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Community / Land projects / Eldoret-Iten Water Fund for Tropical Water Tower Conservation

Eldoret-Iten Water Fund for Tropical Water Tower Conservation


06/22 - 06/22


This project is part of


Conserve globally significant biodiversity and protect the integrity and resilience of critical ecosystems and their services in the targeted water towers


Note: Disbursement data provided is cumulative and covers disbursement made by the project Agency.

Target Groups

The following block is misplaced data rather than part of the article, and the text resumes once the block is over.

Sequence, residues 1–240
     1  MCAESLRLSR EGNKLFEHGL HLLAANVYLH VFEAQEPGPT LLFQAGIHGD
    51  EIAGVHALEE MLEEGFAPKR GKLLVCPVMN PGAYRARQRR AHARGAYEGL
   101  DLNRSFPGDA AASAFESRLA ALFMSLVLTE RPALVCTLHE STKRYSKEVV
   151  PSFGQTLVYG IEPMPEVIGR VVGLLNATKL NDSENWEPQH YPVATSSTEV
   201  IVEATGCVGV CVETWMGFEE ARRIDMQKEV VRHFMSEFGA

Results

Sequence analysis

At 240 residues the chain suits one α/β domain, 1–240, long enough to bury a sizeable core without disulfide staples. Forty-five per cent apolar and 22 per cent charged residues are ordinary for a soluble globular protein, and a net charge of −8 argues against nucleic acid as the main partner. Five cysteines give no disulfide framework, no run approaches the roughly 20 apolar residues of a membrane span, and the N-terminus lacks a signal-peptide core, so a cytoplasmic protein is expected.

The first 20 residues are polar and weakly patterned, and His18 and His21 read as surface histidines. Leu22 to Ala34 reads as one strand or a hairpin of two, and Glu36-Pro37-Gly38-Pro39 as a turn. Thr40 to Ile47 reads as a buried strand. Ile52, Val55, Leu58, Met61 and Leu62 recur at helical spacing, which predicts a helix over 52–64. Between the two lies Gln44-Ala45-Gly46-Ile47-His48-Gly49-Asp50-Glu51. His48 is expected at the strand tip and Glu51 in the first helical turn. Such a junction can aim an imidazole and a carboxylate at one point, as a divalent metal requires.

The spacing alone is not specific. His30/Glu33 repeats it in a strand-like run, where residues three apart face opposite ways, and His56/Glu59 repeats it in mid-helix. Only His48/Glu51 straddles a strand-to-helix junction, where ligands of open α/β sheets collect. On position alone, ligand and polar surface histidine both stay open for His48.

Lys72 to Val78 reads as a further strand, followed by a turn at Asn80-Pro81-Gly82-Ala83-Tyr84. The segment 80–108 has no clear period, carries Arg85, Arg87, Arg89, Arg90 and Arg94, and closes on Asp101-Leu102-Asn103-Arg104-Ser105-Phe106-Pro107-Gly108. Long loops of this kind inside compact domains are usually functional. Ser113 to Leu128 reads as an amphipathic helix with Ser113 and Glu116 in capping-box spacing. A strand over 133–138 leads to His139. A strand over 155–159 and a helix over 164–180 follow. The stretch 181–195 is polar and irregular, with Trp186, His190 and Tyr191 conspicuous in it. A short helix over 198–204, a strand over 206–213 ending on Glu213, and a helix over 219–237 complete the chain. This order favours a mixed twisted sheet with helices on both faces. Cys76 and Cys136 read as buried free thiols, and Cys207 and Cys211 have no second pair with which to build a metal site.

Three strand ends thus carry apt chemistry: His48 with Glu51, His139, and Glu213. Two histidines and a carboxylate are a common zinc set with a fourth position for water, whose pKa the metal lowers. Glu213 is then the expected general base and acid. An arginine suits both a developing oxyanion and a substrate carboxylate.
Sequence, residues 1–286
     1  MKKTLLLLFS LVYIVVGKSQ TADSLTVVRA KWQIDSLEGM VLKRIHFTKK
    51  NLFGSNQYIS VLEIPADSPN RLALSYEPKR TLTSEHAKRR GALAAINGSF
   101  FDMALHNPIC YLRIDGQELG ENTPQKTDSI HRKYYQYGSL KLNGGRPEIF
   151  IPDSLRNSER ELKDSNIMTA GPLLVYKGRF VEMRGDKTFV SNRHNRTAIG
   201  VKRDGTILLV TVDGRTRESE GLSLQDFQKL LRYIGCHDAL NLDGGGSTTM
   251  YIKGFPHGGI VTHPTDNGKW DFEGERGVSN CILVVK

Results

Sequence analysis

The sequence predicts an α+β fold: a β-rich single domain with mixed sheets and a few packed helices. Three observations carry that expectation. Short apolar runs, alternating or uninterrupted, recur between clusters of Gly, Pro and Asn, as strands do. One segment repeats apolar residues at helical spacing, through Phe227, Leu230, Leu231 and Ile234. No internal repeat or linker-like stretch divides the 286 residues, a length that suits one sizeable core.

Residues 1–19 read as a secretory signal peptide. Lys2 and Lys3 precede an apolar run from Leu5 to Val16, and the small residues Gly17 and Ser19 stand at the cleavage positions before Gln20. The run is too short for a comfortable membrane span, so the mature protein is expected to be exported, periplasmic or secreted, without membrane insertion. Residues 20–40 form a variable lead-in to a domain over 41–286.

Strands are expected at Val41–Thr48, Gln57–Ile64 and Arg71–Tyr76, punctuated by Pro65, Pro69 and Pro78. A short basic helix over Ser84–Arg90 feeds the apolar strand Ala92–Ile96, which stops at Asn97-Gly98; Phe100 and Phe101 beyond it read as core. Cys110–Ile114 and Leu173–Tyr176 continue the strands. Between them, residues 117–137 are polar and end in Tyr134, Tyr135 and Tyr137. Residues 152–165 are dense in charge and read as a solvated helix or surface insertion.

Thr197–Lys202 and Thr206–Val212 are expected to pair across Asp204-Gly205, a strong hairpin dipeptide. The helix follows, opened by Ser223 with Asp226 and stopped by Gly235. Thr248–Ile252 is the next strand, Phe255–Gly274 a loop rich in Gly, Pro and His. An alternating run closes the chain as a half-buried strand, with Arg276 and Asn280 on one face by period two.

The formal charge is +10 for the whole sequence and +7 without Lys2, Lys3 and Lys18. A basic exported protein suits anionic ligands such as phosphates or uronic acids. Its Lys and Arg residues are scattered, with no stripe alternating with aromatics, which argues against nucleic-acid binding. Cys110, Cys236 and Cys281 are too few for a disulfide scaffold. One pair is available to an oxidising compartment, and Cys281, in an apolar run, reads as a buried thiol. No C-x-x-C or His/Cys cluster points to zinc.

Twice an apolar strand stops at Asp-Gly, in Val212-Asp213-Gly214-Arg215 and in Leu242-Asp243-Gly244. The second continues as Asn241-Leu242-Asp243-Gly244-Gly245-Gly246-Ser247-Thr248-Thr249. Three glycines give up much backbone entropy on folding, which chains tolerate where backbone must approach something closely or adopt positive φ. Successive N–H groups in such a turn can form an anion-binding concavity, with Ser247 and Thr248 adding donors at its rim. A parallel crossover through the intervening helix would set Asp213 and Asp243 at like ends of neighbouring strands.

The project, in particular through its Component 2, aims at supporting local resource users and the relevant county organizations to establish sustainable agricultural practices that target improved livelihoods, ecosystem resilience as well as related land use planning approaches. Involving local stakeholders and decision makers in catchment restoration and land use planning increases their appreciation of the direct interactions between water management, agricultural production and ecosystem services; supporting increased supply of natural resources for the benefit of both the users and the catchment itself. Engaging private companies in upstream catchment management aims to improve food value chains, e.g. through longer-term horticulture contracts for export markets such as green beans, avocados, potatoes and other vegetables, leading to increased profits and improved livelihoods. These in turn provide further incentives for locally engaging in sustainable catchment management. In Component 2, the project commits to delivering socio-economic benefits to the local resource users through ? Climate smart food value chains benefitting 5,000 households (22,500 persons); and ? A 20% increase in farm production yields The project will promote labor saving technologies for the activities performed by women for marketable commodities as well as for household tasks such as water or fuel supply and food preparation. The technologies include solar cookers, rainwater harvesting, woodlots, water spring protection, and energy efficient stoves, among others. The project will also promote backyard gardens for food and nutrition security as well as conduct nutrition messaging to accompany any training at community level. Women groups will be encouraged to participate in livelihood value chain activities to earn income e.g. on beekeeping, or fruit tree management. Further indirect socio-economic benefits can be derived from the improved ecosystem status in the targeted catchments, including through improved water quality and quantity, wetland and forest restoration. The combination of biophysical and agricultural techniques and support for water management is expected to lead to diversified production and increased yields through improved soil retention; broadened adaptation potential and resilience through reduced erosion upstream, as well as at least stabilized catchment ecosystem services. Downstream economic benefits will include reduced water treatment costs through reduced sediment concentration and increased hydropower generation through higher water yield and reduced sedimentation. The Water Fund to be established will perpetuate the incentivization of integrated catchment management, leading to local and global environmental as well as local socio-economic benefits, both up- and downstream. Among the global environmental benefits are: ? Maintenance or improvement of the sustainable delivery of ecosystem services; ? Maintenance or improvement of land and soil productivity, in order to enhance food security; ? Synergies with other social, economic and environmental objectives, reinforcing responsible, inclusive and sustainable land management. The socioeconomic benefits to be delivered by the project and the EIWF are also closely aligned with Aichi Target 4 […] governments, business and stakeholders at all levels have taken steps to achieve or have implemented plans for sustainable production and consumption […], Aichi Target 7: […] areas under agriculture, aquaculture and forestry are managed sustainably, ensuring conservation of biodiversity, Aichi Target 11: […] terrestrial and inland water […] areas, especially areas of particular importance for biodiversity and ecosystem services, are conserved through effectively and equitably managed, ecologically representative and well connected systems of protected areas and other effective area-based conservation measures, and integrated into the wider landscapes […], as well as Aichi Target 14: […] ecosystems that provide essential services, including services related to water, and contribute to health, livelihoods and well-being, are restored and safeguarded […].

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